Test: Optimise Facebook ads, landing pages and implement email marketing automation.
Result: Doubled sales for New Balance Chicago at half of the cost prior to running this campaign.
We’re back with another Unbounce case study now, this time showing New Balance Chicago doubled sales while halving its marketing spend with a combination of Facebook Ads, landing pages and email automation.
The case study shows you how the company optimised this three-pronged marketing strategy to achieve some impressive results – a worthy read for any retail brand (B2C or B2B) looking to drive more in-store sales from digital leads.
Goal: Increase user engagement among holiday planners (bottom of the sales funnel) and increase conversion across all devices.
Test: A/B test design variations for package holiday pages.
- Increase conversions by 150% on mobile
- Increase conversions by 79% on desktop and mobile
Lastly, we’ve got one more case study from AB Tasty for you, showing how travel company TUI increased conversions across all device types by A/B testing design improvements.
“TUI decided to experiment with the visuals and call to action (CTA) paired with each vacation offering using an A/B test. In the variation, the CTA was changed to, ‘See dates,’ and was placed above the destination image next to the price per customer. In this layout, the destination visual was resized to fit the entire width of the section, in the hopes of being more eye-catching to users.”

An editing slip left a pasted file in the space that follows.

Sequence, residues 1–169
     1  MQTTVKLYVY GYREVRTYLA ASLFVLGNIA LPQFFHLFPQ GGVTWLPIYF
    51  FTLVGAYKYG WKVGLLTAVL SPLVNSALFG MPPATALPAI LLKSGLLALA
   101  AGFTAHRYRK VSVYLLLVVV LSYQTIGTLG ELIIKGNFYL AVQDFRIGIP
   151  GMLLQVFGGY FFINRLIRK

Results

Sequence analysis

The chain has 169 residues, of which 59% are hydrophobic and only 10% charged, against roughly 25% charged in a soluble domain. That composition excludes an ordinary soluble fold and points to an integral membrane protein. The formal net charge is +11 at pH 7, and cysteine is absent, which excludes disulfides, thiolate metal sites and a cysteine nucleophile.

The same variation was optimised for mobile and it significantly increased conversion across all devices – by 150% on mobile and 79% on desktop and tablet.
Now, it’s your turn to create your own CRO success stories
So, there you have it. These CRO case studies should give you all kinds of ideas to inspire your own tests and improve results across the parts of your website that matter most (hint: not only CTAs).
Make sure you get in touch with us if you get any results worth sharing, too – we’re always on the lookout for new case studies to feature in upcoming articles.